Florida Gators defensive coordinator and cornerbacks coach Teryl Austin, wide receivers coach Zach Azzanni and senior punter/kicker Chas Henry spoke to the media Wednesday, taking a look back at the team’s game against the Georgia Bulldogs in Jacksonville, FL, last Saturday.

THANK THE OL FOR THE UP-TEMPO OFFENSE

After Florida’s victory over Georgia, head coach Urban Meyer credited Azzanni with helping implement and set-up the Gators’ new up-tempo offense. On Wednesday, Azzanni said it was the willingness of the offensive line to adapt to the new system that made it work so well against the Bulldogs. “Our O-line has been really great about it because they’re the guys who had to buy in,” he said. “The little skinny guys on the outside can run all day, it’s the big boys that had to buy in – they’ve been great.”

And why was Azzanni so instrumental in this offense being successful? “That’s just my background. That’s the world I’ve lived in for the last eight years of my career,” he said. “I just put it out there on the table and every week we’ve been a little more, a little more. Those guys have been great. We’re not running any new plays or anything, it’s all the same thing, it’s just how we’re doing it. Just to get a spark in the offense. I can’t say enough for coach [Urban] Meyer and coach [Steve] Addazio for believing in me and letting me put that out on the table and saying, ‘Hey, I think this will help us and spark this offense a little bit.’ I can’t say enough for those guys trusting me and letting me help out and get this thing rolling.”

HENRY LAUGHED AT “CHOKE” FROM SIDELINE

As he prepared to kick what he thought would be a 37-yard game-winning field goal, Henry was confused. Not because of the pressure of the situation or a “choke” signal from Georgia defensive coordinator Todd Grantham but rather the fact that the Bulldogs called a timeout. Recounting the situation, Henry recalls, “I’m ready. I didn’t even know they had a timeout, I completely forgot. I’m like, ‘This is the kick.’ All of a sudden I hear the whistle blowing and I’m like, ‘What’s going on?’ I start laughing like, ‘You’re going to ice me? I’m not the kicker. You’re going to ice me?’”

Moments later Henry noticed Grantham grabbing his throat, gesturing towards him and screaming. “I see a guy doing the choke. So I take my helmet off, I give him a little smooch at him – blew him a little kiss,” he said. Henry added that Grantham’s immaturity did not bother him; he said it was just a part of the emotion of the game.

QUOTES (After the break…)
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Grading the Florida Gators vs. Georgia game

Each week following a Florida Gators game, ONLY GATORS Get Out Alive grades the team position-by-position based on each unit’s performance. This week, we look at how the Gators fared against the Georgia Bulldogs at the World’s Largest Outdoor Cocktail Party, which took place at EverBank Field in Jacksonville, FL.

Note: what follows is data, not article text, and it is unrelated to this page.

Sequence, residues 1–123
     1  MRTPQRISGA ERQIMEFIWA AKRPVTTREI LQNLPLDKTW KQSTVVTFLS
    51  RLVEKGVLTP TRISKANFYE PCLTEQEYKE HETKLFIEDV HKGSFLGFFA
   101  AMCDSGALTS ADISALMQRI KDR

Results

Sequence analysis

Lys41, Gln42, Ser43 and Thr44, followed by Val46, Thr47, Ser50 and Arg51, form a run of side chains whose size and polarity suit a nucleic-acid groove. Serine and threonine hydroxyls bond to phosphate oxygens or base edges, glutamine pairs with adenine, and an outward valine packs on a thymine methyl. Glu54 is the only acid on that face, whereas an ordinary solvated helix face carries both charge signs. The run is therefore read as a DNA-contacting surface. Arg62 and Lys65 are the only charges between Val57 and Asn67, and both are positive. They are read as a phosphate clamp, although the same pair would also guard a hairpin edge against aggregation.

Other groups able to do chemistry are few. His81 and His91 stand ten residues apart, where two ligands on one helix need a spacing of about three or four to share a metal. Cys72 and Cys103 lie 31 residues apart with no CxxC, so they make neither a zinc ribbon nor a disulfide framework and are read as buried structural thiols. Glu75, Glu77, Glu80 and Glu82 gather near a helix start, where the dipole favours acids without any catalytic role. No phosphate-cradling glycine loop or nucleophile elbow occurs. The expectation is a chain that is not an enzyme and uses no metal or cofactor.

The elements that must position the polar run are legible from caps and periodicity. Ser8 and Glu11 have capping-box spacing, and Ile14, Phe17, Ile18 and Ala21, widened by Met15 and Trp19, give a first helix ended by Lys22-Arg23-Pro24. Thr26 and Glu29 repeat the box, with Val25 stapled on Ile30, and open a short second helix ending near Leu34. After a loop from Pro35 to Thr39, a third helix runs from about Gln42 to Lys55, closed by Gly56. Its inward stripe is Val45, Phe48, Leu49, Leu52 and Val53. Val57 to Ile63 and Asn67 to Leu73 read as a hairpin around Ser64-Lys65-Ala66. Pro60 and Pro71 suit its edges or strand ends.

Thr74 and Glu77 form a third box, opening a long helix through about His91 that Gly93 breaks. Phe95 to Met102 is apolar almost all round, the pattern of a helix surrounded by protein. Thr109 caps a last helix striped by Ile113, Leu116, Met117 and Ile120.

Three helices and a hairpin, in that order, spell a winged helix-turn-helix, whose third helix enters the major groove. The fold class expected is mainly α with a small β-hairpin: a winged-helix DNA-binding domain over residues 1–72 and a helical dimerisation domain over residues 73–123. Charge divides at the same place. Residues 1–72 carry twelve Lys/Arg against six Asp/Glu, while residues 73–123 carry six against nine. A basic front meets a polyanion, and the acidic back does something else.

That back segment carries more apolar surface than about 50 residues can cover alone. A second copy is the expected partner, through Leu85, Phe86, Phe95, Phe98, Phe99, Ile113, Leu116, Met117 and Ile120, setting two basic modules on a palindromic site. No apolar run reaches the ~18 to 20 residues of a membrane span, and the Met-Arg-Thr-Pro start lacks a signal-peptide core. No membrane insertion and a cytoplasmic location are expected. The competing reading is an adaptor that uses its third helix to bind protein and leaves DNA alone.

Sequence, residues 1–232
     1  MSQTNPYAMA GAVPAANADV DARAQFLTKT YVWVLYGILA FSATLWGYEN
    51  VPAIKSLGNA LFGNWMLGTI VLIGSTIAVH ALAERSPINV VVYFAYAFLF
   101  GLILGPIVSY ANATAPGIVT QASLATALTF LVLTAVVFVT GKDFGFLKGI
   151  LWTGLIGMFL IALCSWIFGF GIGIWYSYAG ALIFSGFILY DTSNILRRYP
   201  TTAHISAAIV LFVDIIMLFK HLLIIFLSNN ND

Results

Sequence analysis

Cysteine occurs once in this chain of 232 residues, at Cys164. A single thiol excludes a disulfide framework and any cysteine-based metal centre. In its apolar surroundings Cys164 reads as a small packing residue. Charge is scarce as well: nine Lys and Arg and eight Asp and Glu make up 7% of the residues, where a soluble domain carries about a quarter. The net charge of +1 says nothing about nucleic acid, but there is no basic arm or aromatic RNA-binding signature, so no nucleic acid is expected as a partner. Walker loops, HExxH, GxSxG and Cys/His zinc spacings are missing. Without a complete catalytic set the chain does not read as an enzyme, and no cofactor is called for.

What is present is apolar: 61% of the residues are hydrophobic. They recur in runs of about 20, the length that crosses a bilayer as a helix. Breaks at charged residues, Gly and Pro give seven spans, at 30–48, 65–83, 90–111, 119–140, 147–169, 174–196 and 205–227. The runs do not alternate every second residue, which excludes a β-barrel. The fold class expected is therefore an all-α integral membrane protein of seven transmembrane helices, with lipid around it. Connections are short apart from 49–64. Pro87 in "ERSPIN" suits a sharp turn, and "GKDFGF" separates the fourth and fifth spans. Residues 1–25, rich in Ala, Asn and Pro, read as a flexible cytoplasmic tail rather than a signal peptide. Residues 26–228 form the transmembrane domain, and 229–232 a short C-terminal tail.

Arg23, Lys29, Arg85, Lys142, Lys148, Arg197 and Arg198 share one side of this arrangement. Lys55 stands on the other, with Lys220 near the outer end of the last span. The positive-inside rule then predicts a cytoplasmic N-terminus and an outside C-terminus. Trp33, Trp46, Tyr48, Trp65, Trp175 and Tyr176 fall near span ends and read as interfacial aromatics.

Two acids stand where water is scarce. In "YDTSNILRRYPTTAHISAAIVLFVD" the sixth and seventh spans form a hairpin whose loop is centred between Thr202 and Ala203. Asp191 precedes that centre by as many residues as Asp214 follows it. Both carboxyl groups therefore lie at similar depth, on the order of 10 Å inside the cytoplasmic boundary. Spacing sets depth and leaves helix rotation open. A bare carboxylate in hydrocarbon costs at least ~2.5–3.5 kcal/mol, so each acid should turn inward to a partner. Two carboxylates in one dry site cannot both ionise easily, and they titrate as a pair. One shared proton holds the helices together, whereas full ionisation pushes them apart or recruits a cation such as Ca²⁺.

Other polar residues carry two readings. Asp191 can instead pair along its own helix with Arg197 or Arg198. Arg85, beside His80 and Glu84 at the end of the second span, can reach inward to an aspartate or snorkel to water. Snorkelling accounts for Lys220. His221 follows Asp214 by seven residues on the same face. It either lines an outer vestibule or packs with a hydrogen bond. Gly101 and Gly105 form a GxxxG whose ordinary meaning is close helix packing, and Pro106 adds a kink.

QUARTERBACKS: B+
Was redshirt junior John Brantley spectacular on Saturday? Certainly not. His 16-of-25 performance for 193 yards and an interception proves that. However, if you combine his offensive contributions with his willingness to share the starting quarterback role, ability to operate in Florida’s no-huddle offense and the output of freshman Trey Burton (2-of-2 for 26 yards, 17 carries for 110 yards and two touchdowns), you have a top-notch performance from this unit. Throw out Brantley’s interception as a miscue from sophomore wide receiver Omarius Hines and you have a mistake-free showing that also included a perfect clutch pass to redshirt junior WR Deonte Thompson and his second longest throw of the year – a 40-yard dart. With an increased ability to see the field, healthy backfield and more streamlined offense, Brantley should only improve as the season continues – something to keep an eye on week-to-week.

RUNNING BACKS: B+
Head coach Urban Meyer noted leading up to the Georgia game that Florida must have explosive home run plays in its running game in order to succeed with their plan to win from an offensive perspective. That was achieved Saturday, though the biggest play came on a 51-yard option keeper by Burton. Junior running back Jeff Demps (at around 90 percent health) and redshirt junior WR Chris Rainey (running the ball due to depth issues) got all the work in the backfield with Rainey getting the majority of the carries (16 to Demps’ nine). For not having played in five weeks and practicing the entire offseason mostly at WR, Rainey had a more than respectable performance averaging 5.2 yards per carry and totaling 89 on the game. Demps ran the ball for 38 yards (4.2 average). The duo certainly exceeded expectations but was certainly not stellar comparative to what the unit has done in the past.